Add the mashed lentils along with curry leaves powder and chopped cilantro. Stir and turn off the flame at the sign of the first boil. Actually, fresh curry leaves are preferred, but if you don't have that, then you can use curry leaves powder. Now prepare for the tadka. Heat ghee in a tadka pan and once it's hot, add mustard seeds, cumin seeds, and slit green chilies. Once they crackle, take it off the flame and pour it over the rasam. Serve it hot with some rice.
Fan of South Indian food but don't know where to begin? Try out these simple yet delicious recipes then - Instant Pot Beetroot Rasam Rice, Tamarind & Lentil Soup | Traditional Paruppu Rasam, South Indian Tomato Almond Chutney For Idli/Dosa, How to Make Traditional South Indian Arachuvitta Sambhar (With Tips), Easy South Indian Coconut Chutney Recipe, South Indian Medu Wada | Lentil Fritters, South Indian Spinach & Lentils Keerai | Kootu | Curry, South Indian Spicy Potato Fry Curry, and South Indian Style Tomato Rice.
Did you try this recipe? Please let me know how it turned out by leaving a comment below or sharing a picture on Instagram @cookilicious with the hashtag #cookiliciousveg. I love hearing your feedback!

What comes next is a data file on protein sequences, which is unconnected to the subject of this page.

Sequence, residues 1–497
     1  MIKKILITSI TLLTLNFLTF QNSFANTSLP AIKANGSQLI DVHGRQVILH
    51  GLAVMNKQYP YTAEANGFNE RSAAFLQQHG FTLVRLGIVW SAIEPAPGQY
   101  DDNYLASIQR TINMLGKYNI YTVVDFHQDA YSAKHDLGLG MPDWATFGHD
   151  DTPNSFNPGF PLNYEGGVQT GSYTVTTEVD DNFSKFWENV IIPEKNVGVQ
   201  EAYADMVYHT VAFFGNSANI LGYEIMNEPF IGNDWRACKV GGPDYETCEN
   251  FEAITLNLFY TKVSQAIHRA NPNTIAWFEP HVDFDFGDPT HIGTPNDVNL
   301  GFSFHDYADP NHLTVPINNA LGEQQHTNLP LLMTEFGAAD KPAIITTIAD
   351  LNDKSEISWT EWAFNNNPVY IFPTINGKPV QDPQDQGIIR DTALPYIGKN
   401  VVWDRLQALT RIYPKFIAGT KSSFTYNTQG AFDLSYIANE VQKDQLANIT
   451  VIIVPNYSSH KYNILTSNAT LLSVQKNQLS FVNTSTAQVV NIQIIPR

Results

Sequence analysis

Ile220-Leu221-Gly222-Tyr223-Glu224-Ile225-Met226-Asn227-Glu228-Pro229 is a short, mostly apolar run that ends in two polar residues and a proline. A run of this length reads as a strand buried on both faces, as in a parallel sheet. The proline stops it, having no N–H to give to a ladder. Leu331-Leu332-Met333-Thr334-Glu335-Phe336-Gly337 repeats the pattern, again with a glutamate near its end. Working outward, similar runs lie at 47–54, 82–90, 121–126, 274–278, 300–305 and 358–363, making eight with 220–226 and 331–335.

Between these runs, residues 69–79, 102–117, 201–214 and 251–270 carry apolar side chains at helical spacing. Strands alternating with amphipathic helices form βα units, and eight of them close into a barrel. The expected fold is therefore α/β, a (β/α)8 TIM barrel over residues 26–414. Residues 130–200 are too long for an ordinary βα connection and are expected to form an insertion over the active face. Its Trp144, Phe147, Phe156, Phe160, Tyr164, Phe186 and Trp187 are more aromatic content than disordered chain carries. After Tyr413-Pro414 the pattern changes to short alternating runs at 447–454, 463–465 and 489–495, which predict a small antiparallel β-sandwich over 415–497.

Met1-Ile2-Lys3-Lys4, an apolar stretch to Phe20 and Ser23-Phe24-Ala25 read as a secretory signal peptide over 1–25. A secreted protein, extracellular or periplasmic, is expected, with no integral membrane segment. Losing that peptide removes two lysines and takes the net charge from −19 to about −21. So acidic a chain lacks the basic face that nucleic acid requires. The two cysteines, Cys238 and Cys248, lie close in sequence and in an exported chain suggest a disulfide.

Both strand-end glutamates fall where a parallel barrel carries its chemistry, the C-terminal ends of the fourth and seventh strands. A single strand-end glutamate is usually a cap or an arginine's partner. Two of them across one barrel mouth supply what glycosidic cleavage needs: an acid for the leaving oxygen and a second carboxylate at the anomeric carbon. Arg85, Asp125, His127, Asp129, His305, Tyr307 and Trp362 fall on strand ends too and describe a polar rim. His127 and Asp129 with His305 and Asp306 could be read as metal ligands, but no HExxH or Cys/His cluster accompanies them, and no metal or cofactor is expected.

Like this recipe? Please show your love by leaving a 5-star 🌟🌟🌟🌟🌟rating below!
To cook the Dal
To make Rasam
- First step is to cook the lentils. This recipe calls for pink lentils also known as masoor dal. Pressure cook the lentils in turmeric + salt water along with ghee. Once cooked, mash it using a whisk and keep it aside.
- If using fresh tamarind, then add it to a bowl of warm water and let it soak for 15 minutes. Then crush the soaked tamarind with fingers to extract the juice. Filter this juice into another vessel and repeat the same with the remains, 2-3 more times by adding them to fresh water and squeezing out the juice. But if you are using tamarind paste, add it along with the spices in the next step.
- In a thick bottomed pan, add all the spices like salt, turmeric powder, rasam powder and asafoetida. Then add the tamarind juice, onions and tomatoes. Cook this on simmer for 7-8 minutes.
- Add the mashed lentils along with curry leaves powder and chopped cilantro. Stir and turn off the flame at the sign of first boil. Actually fresh curry leaves are preferred, but if you don't have that, then you can use curry leaves powder.
- Now prepare for the tadka. Heat ghee in a tadka pan and once it's hot, add mustard seeds, cumin seeds and slit green chillies. Once they crackle, take it off the flame and pour it over the rasam.
- Serve it hot with some rice.